RNCM 3rd October 2009
On a wet and windy evening that would not have been out of place in the Scottish Isles, Julie Fowlis began proceedings with an evocative walking song that conjured up her native northern Uist and one almost felt as though one had been transposed to the highlands. Scots Gaelic may seem an unlikely vehicle in the current increased interest in folk music, yet in Fowlis and band’s accomplished hands, the audience were treated to a masterclass in the musical genre. Throughout the evening it is the purity of Fowlis’ vocals that shine through, irrespective of whether the accompaniment was sparse or full on. Julie Fowlis came to prominence two years ago with a critically acclaimed debut album, ‘Cuilidh’ that won an award at the annual BBC Folk presentations and the songs on that album along with her brand new recording, ‘Uam’ (literally ‘From me’ and referring to a book Fowlis received of north Uist poems and songs) formed the basis of this evening’s repertoire. However, key to her art is an exploration of the common roots of Irish and Scots music and this is something that folk musicians as distinguished as Andy Irvine and Bert Jansch have long believed in. This interest in common roots was perfectly illustrated on another collaborative album from 2008 ‘Duet’ featuring Irish guitarist Eamonn Dorley who is an integral member of Fowlis’ current band. A technique that the singer has perfected is that of the wordless vocal, seemingly inspired by the scat vocals of jazz singers such as Ella Fitzgerald and Betty Carter, yet here sounding thoroughly grounded in a traditional folk setting. The audience is transfixed by the vocal gymnastics even if the overwhelming majority understand little or nothing of the Gaelic lyrics. Fowlis alternates between vocal pieces and instrumental numbers where she joins the rest of the band with an assortment of penny whistles and flutes (she can even plays the pipes as heard on her albums) that are ideally suited to the music. She is very ably assisted by a talented bunch of musicians. These include the long-time musical partner and guitarist Eamonn Dorley who frequently intervenes between songs with witty banter (doubling up also on fiddle) and Glaswegian Martin O’Neill who, in addition to being a fine bodhran player (and one who can play in a variety of contexts – witness his performances at the Manchester Jazz Festival a few years back with Neil Yates) can also accompany Fowlis on piano or play solo. Two other members, a fine fiddler and guitar player, add layered texture to the ensemble sound and in general the interplay between musicians was simply excellent. A definite highlight was a Gaelic version of the Beatles classic ‘Blackbird’ with gorgeous accompaniment on fiddle. In this pared down version, it is the bare essence of the song that emerges and Fowlis even returns to the English original part way through. Julie Fowlis’ rendition of the song was actually the first folk song download to feature on the national playlist charts.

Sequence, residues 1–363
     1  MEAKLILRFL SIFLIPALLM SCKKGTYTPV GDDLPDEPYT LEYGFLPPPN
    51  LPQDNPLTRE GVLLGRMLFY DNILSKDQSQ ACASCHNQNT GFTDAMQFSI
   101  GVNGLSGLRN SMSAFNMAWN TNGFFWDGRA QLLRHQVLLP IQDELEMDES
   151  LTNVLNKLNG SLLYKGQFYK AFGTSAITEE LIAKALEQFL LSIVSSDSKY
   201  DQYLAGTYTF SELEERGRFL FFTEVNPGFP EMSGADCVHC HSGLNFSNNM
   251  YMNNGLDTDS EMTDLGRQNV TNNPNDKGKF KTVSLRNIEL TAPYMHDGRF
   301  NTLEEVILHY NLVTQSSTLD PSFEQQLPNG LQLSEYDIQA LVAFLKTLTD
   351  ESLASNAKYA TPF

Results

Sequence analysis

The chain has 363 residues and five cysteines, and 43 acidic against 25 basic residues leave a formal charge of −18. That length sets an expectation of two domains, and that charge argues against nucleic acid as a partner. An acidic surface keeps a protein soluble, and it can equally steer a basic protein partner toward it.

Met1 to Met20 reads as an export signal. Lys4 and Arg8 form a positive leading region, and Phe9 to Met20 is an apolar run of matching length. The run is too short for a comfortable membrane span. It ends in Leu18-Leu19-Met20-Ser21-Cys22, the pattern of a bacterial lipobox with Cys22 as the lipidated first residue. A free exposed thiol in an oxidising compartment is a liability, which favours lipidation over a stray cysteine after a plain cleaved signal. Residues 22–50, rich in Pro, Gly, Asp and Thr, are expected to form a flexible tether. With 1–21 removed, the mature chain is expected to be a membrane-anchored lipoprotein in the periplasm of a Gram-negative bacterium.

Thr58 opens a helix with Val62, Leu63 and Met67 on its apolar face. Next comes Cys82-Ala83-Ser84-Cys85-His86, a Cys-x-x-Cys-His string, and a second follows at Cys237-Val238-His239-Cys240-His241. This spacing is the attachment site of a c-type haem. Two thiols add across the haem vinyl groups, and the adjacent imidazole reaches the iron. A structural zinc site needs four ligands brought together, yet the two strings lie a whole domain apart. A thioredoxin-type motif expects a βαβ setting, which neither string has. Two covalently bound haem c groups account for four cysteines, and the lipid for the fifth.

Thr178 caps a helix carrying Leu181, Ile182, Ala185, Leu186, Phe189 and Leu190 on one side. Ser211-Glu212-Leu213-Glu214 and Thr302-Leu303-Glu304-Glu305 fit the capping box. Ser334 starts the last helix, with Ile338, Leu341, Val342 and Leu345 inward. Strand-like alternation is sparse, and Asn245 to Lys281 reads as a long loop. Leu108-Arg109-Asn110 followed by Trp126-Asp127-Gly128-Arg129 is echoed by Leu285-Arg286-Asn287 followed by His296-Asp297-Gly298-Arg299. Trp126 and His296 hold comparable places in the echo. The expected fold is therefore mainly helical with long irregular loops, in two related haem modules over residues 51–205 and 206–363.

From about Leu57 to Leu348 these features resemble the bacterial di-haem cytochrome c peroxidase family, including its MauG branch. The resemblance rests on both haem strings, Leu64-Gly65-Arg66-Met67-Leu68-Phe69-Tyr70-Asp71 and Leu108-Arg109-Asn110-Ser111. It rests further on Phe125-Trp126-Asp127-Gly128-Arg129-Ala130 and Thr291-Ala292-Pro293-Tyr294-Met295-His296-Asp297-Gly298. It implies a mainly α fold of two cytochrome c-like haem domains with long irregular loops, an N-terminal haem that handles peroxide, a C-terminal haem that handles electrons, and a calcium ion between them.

The singer seems very much as ease in a live setting and her frequent musical collaborations as witnessed on the recent Transatlantic seessions for the BBC have done her no harm at all, rubbing shoulders with the likes of James Taylor and Martha Wainwright, and even Mancunian Irish multi-instrumentalist Michael McGoldrick. Often the inspiration for writing traditional folk songs was an everyday happening such as one devoted to having a new pair of shoes, or the plight of women on the island. To the general amused bemusement of the audience, Fowlis announced that they would be singing along to some Gaelic lyrics (the singer is also a presenter on radio Alba – the Gelic-speaking digital channel with Gaelic now officially recognised as a national language) and her perseverence succeeding in teaching them a few lines of the language via a classic love song during which the audience joined in on the chorus. A new song translated from Breton was an indication of Fowlis’ desire to explore new territory within the Celtic musical domain and this piece was in fact first performed at the Celtic Connections festival in Glasgow. On the purely instrumental pieces the band cooked up a folk equivalent of a jam session which generated some intensity and had the audience clapping in unison. Tumultuous applause resulted in a greatly appreciated encore and a fitting song about cows! This proved to be a mournful lament with O’Neill supporting Fowlis on piano. The evening’s entertainment ended on a definite high with an uptempo instrumental jig with Fowlis on penny whistle and a joyous rapport between band and audience. Tim Stenhouse